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The Gaurishankar Conservation Area (GCA) is a biodiverse region with rare and endangered species of global significance. Its high-hill and mountainous areas remain less scientifically explored which hinders conservation involving meaningful local participation. Lapchi and Rolwaling valleys, lying between Langtang and Sagarmatha National Parks, are vital for biodiversity if habitat integrity and connectivity are preserved. Challenges include infrastructure, forest reliance, human-wildlife conflicts, poaching, and habitat deterioration. The project's focus is to enhance GCA's biodiversity conservation by building a scientific database, supporting local livelihoods, and strengthening local institutions.

  • Camera trapping, GPS handling, Survey and Monitoring Training
  • Training on behavioural change and attitude towards wildlife conservation
  • Awareness programmes on human-wildlife conflict
  • Training to encourage and support locals to continue traditional methods of human-wildlife conflict mitigation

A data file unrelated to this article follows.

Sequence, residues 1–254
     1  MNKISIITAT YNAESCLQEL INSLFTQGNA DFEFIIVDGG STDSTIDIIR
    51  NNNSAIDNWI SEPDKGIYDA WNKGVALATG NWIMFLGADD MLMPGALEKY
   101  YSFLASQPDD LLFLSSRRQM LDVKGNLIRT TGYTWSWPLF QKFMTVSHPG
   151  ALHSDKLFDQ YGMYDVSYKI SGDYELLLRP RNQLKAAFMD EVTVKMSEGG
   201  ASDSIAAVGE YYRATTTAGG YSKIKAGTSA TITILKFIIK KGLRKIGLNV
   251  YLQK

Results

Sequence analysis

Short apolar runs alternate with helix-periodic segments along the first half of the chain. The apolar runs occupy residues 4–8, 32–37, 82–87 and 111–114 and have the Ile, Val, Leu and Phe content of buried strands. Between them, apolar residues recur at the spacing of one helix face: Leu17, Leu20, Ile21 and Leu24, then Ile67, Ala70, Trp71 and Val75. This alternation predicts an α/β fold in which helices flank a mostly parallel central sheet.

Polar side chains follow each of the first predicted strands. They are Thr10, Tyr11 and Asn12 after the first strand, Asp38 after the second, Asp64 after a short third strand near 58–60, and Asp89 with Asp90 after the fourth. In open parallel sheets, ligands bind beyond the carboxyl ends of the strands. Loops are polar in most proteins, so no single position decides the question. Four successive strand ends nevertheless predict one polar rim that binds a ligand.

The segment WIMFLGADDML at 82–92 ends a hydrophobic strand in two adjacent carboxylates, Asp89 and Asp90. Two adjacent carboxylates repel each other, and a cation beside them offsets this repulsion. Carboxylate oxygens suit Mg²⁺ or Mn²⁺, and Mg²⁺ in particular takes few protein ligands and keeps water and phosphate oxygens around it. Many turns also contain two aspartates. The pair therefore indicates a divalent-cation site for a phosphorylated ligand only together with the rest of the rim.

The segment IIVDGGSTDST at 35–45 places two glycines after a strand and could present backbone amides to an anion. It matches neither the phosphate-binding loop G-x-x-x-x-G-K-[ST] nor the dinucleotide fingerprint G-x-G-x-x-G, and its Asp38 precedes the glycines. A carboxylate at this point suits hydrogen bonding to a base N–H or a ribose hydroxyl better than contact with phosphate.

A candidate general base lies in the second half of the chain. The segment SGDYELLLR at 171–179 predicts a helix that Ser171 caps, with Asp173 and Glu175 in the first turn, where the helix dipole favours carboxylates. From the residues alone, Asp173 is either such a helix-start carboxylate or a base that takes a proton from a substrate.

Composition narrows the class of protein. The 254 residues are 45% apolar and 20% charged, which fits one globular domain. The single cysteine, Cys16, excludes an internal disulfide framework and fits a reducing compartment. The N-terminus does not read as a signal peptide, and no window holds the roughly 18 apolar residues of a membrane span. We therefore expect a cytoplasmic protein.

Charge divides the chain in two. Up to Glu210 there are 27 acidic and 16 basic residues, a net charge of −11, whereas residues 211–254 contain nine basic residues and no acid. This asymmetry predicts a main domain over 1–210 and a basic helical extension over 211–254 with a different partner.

Project objectives

  1. Build local capacity in wildlife survey techniques, forest fire control, GESI and good governance
  2. Reduce HWC through awareness, mitigation measures and compensations
  3. Reduce poverty through alternative livelihood

Expected outputs

  • 50 community members trained in wildlife survey techniques 
  • Updated biodiversity profile of GCA containing mammalian fauna of Lapchi valley and Tamakoshi river corridor, and status of wildlife corridors and connectivity 
  • 21 Conservation Area Management Committees and 92 Forest Management Sub-committees mobilized in regular forest patrolling
  • 500 households supported with various methods for mitigating HWC 
  • Insurance scheme for crop and wildlife depredation piloted in HWC area
  • 300 community people trained on forest fire control 
  • 25 conservation farmers trained and engage in cultivation of high value medicinal plants and organic vegetables
  • 60 women trained and engage in producing local handicraft
  • 30 km trekking trail branded as eco-trails with 10 new homestays developed along the trail

Project partners

Department of National Parks and Wildlife Conservation (DNPWC) and Inland Norway University of Applied Sciences (INN)

Project duration

April 2023 to December 2026


£ 610,482 (£426,800 Defra, £183,682 NTNC)

Principal Investigator: Dr. Madhu Chetri, Project Chief, Gaurishar Conservation Area Project, NTNC (, 9854045143)

The project is supported by the Darwin Initiative, funded by Defra, UK Government.